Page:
General Promotions

Elihu B. Washburne U.S. Congressman, Secretary of State, Minister to France. Mathew Brady-Levi Corbin Handy photo. Public Domain.

During the Civil War, General Ulysses S. Grant showed a canny cognizance of the political winds which blew all around him. In that conflict, almost every general, North or South, was appointed and advanced politically. Even Grant, who demonstrated the highest ability, would never have received the opportunity to demonstrate that ability without the sponsorship of his local Congressman, Rep. Elihu Washburne. The Congressman put Grant in for a brigadier general’s star, immediately began thumping for his promotion to major general, and in every possible way championed Grant’s career.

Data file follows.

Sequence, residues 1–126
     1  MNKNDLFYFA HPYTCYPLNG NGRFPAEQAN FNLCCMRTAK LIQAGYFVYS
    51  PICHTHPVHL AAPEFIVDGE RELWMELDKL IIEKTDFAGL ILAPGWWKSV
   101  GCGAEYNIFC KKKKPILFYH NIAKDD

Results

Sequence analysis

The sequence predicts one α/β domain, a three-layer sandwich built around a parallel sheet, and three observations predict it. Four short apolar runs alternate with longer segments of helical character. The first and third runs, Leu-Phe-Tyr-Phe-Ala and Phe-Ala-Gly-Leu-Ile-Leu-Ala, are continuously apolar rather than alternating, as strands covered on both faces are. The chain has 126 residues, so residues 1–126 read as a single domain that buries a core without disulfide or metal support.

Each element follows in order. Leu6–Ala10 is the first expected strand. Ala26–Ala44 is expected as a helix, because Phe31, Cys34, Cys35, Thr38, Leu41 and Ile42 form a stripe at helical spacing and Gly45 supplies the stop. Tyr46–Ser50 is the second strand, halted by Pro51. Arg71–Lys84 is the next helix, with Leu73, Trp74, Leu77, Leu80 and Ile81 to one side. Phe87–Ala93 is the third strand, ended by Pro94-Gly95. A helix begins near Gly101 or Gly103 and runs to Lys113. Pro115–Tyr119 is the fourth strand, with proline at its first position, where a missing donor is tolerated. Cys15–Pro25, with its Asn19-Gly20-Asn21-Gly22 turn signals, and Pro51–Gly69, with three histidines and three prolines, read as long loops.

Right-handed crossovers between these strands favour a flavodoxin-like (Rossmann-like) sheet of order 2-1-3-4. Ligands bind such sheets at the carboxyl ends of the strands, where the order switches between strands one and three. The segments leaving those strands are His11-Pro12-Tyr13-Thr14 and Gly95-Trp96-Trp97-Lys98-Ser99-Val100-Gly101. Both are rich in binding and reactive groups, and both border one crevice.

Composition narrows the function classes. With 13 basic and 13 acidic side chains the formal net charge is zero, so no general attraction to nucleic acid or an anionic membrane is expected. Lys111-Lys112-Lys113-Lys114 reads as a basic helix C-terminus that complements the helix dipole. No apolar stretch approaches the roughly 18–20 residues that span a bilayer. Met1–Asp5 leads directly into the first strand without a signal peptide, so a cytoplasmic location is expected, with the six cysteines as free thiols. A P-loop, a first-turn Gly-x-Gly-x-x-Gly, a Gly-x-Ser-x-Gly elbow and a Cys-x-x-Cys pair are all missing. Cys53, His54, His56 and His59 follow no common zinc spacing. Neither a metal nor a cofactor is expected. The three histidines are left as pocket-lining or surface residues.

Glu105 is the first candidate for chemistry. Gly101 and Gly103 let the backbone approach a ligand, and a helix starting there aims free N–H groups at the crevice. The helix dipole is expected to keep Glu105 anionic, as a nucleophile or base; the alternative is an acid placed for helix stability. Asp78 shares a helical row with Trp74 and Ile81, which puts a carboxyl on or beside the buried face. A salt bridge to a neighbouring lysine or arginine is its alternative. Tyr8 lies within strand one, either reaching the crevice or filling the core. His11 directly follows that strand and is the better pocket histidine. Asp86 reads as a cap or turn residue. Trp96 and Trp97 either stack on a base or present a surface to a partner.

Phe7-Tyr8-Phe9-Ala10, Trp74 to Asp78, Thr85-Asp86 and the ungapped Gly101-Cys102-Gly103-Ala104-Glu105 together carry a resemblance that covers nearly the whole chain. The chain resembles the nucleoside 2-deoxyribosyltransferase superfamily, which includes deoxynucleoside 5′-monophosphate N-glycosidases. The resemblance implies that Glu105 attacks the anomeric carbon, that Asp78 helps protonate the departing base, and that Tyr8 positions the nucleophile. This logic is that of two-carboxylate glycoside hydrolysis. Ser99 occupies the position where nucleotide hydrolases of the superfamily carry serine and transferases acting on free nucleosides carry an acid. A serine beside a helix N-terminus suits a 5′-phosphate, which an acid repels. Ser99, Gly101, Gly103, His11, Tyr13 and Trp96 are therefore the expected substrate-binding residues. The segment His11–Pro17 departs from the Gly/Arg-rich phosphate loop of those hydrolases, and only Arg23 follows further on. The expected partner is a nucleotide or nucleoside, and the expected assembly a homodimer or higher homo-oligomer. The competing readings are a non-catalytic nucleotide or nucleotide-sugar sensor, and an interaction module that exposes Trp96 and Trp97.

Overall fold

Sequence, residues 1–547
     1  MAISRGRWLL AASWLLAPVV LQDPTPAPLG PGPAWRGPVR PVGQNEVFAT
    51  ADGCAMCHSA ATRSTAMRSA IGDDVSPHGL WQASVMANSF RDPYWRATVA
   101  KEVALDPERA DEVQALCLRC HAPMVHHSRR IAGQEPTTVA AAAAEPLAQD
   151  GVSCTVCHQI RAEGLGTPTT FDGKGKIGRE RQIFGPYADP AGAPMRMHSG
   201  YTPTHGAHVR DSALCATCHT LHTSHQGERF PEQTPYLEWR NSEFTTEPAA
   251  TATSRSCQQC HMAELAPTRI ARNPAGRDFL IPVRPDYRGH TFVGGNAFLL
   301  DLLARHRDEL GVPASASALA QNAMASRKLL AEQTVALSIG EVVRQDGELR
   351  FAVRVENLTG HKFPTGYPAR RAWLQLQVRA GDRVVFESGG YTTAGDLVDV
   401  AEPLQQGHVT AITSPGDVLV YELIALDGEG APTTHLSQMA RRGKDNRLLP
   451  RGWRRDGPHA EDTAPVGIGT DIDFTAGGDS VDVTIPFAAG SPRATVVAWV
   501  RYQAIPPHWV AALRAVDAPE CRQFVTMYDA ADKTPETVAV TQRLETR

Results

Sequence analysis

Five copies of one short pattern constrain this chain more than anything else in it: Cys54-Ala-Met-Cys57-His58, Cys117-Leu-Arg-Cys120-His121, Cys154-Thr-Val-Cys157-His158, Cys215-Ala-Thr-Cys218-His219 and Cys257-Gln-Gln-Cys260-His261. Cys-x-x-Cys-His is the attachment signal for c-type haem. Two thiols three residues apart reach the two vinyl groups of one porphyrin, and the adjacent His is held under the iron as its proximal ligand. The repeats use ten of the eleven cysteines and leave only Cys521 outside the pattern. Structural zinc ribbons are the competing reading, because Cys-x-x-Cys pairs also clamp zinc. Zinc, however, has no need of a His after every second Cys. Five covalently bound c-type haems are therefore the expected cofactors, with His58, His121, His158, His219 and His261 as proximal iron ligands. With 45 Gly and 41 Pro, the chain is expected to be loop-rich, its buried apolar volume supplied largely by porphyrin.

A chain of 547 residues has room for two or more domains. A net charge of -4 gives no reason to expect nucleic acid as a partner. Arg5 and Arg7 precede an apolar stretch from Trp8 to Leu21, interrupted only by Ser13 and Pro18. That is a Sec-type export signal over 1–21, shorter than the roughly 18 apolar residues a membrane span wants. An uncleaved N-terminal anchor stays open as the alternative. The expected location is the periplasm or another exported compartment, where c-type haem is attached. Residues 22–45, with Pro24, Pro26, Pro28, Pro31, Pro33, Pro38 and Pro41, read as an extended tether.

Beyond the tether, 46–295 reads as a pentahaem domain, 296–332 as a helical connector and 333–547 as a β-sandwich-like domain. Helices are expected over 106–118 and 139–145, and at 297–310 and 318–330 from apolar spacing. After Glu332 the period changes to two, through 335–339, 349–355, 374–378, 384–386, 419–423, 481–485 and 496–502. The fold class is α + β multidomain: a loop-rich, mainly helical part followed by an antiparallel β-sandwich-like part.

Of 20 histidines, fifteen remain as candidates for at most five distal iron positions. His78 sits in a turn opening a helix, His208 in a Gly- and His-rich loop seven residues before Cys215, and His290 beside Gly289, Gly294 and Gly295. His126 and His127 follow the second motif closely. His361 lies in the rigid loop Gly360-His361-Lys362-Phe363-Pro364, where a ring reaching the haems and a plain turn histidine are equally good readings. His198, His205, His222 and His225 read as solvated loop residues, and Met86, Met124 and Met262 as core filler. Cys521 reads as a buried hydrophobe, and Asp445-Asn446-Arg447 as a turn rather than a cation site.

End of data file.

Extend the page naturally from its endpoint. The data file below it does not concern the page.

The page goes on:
In 1863, Grant was tasked with taking the city of Vicksburg, which President Abraham Lincoln saw as “the golden key” to unlock the Confederacy. Take Vicksburg from the rebels, and you re-open the Mississippi River to Union navigation. At the same time, you dreadfully complicate Confederate efforts to get men and materiel from the Trans-Mississippi West (Arkansas, Louisiana, Texas). Vicksburg in Union hands would be the beginning of the end of the rebellion.

Major General U.S. Grant. Public Domain.

Trouble was, Grant’s first try—aided by loyal subordinates Sherman and Macpherson and the ambitiously disloyal McClernand—had come to naught, for reasons beyond Grant’s control. “The strategical way according to the rule,” Grant wrote in his memoirs, “would have been to go back to Memphis; establish that as a base of supplies; fortify it so that the storehouses could be held by a small garrison, and move from there along the line of the railroad, repairing as we advanced, to the Yallabusha, or to Jackson, Mississippi.”